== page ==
In a Judgment handed down today the Court of Appeal decided that the online use of live match data from football matches (e.g. goals scored, goal scorers, red cards, and yellow cards) did not infringe copyright. The Court of Appeal did allow an allegation of database right infringement in respect of such use to proceed to trial, although they referred the question of where infringement occurs, when such data is accessed from a website based outside the UK, to the Court of Justice of the European Union.
The appeal was from the decision of Mr. Justice Floyd in the case of Football Dataco Limited, The Scottish Premier League Limited, The Scottish Football League Limited and PA Sport UK Limited v Sportradar GmbH and Sportradar AG.
The Claimants (together FDC) exploited certain data relating to English and Scottish football matches. This data was compiled in a database known as "Football Live". The data included goals scored, goal scorers, penalties, yellow and red cards and substitutions. The data is both updated and provided to third parties while matches are taking place.
The Defendants (together "Sportradar") were (i) a German company which assembled data relating to live English and Scottish football matches from public sources, and (ii) its Swiss parent. This data was called "Sports Live Data". The data was stored on web servers in Germany and Austria but could be accessed via links from elsewhere, including from the United Kingdom.
High Court Decision – 17 November 2010
FDC alleged infringement of UK copyright and database right in Football Live by Sportradar.
Sportradar challenged the jurisdiction of the English High Court on the basis that they were committing no acts of infringement in the UK and were domiciled in Germany and Switzerland. The First Defendant subsequently issued proceedings against FDC in Germany on 14 July 2010 seeking negative declarations that its activities did not infringe any Intellectual Property rights of FDC.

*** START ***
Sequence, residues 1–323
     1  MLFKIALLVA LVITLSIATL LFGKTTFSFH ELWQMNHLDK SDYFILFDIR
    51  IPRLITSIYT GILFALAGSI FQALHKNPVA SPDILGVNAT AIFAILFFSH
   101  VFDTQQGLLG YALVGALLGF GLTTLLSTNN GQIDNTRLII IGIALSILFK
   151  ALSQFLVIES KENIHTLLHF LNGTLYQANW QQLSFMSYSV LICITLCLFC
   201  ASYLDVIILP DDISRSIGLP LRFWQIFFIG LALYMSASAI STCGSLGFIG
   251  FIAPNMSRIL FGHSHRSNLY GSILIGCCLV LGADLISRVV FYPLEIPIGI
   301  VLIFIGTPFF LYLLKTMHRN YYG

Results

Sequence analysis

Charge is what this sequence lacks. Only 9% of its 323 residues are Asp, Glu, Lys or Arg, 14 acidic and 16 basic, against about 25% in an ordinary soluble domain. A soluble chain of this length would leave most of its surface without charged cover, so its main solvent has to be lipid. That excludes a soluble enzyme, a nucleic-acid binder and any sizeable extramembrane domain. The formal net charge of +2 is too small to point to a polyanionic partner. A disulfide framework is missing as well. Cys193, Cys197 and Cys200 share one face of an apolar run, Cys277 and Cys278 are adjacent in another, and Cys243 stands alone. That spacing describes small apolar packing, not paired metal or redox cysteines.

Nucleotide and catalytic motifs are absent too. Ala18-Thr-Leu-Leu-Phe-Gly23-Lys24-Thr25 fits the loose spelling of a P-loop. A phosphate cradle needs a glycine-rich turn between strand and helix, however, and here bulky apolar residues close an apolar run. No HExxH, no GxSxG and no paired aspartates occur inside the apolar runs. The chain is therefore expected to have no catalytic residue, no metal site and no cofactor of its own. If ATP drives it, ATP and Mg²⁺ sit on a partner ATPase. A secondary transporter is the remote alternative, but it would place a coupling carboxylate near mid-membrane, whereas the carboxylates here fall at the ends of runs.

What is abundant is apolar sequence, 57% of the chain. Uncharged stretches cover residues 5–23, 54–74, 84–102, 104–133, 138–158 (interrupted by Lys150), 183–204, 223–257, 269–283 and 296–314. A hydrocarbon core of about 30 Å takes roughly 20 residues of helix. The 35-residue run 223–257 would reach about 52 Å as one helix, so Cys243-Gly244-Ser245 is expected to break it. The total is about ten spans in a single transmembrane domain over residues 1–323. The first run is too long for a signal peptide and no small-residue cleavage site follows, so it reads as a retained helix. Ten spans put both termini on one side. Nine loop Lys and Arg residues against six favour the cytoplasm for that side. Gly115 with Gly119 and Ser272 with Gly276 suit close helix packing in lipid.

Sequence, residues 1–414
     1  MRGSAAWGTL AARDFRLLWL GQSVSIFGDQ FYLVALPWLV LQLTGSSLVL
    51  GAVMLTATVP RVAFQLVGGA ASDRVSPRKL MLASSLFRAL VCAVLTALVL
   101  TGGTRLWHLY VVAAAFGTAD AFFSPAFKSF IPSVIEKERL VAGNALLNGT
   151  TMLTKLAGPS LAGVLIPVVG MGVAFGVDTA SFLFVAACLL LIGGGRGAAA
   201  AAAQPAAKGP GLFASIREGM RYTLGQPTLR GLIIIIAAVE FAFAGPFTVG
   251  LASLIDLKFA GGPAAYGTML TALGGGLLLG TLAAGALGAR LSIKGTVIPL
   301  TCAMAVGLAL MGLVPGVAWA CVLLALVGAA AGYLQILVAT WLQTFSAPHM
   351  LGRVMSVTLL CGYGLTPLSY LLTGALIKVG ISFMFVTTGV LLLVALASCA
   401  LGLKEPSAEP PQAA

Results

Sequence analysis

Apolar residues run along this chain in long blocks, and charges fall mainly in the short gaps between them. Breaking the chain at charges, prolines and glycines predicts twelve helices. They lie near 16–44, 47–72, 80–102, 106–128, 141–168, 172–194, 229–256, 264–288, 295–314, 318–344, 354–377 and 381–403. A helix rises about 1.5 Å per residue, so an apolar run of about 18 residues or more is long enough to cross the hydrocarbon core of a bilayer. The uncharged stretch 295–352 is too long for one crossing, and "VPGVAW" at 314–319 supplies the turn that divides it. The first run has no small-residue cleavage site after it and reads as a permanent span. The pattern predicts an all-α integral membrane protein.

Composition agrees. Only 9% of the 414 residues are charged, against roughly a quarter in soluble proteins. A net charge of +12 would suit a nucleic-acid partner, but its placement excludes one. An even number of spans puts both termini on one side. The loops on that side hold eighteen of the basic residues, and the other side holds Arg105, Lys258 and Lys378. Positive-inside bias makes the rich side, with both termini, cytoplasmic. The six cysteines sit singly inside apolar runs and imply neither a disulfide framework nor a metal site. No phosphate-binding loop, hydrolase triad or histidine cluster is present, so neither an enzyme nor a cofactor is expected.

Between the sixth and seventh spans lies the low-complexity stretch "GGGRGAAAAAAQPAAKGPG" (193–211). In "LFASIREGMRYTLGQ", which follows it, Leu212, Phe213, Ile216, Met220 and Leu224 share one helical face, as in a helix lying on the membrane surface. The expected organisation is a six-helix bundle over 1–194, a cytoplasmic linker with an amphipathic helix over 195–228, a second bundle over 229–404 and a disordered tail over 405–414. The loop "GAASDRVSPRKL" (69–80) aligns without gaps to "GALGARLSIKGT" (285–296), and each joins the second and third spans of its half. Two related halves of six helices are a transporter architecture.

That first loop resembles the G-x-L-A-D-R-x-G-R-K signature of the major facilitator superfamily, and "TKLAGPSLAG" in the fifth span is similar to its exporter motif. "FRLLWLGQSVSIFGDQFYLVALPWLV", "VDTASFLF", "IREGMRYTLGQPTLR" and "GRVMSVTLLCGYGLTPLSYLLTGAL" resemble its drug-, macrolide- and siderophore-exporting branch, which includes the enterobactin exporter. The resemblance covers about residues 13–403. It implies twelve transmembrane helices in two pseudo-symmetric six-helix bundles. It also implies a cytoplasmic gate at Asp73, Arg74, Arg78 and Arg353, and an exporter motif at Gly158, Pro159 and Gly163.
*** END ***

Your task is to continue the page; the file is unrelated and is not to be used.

The Judge held at first instance that Sportradar had not done any act of reproduction (in respect of copyright) or extraction (in respect of database rights) in the UK. As regards the acts of re-utilization (in respect of database right) and making available (in respect of copyright) he held these acts committed online took place only where the transmission takes place and not where the transmission is received.
He held however that there was a good arguable case that Sportradar were jointly liable for the acts of infringement of copyright and database right by users in the UK who accessed the data.
Court of Appeal Decision – 29 March 2011
Both sides appealed and Court of Appeal held that Sportradar nor UK users had infringed FDC’s copyright by reproducing or making available their data (i.e. goals scored, red cards, yellow cards, players etc).
….there may be copyright in Football Live. But what is alleged to have been copied is mere data on any reasonable view…
As a consequence the UK copyright claim against Sportradar is no longer before the UK Court, nor is the allegation of authorisation of users.
The Court of Appeal did agree with Mr Justice Floyd that the English Court could hear the allegations that Sportradar were jointly liable with UK users for database right infringement.
However, they decided that the question of where the acts of reutilization and extraction occur when data is placed on a website in Austria which is accessible in the UK, should be referred to the Court of Justice of the European Union.
The wording of the question referred is:
Where a party uploads data from a database protected by sui generis right under Directive 96/9/EU (“the Database Directive”) onto the party’s web server located in member state A and in response to requests from a user in another member state B the web server sends such data to the user’s computer so that the data is stored in the memory of that computer and displayed on the screen
(a) is the act of sending the data an act of “extraction” or “re-utilization” by that party?
(b) does any act of extraction and/or re-utilization by that party occur
(i) in A only
(ii) in B only; or
(iii) in both A and B
Partner, Peter Brownlow and assistant, Abby Minns of Bird & Bird were solicitors acting for the Defendants, instructing Henry Carr QC, Hugo Cuddigan and Professor Lionel Bentley of 11 South Square Chambers.
To view the whole judgment please click here.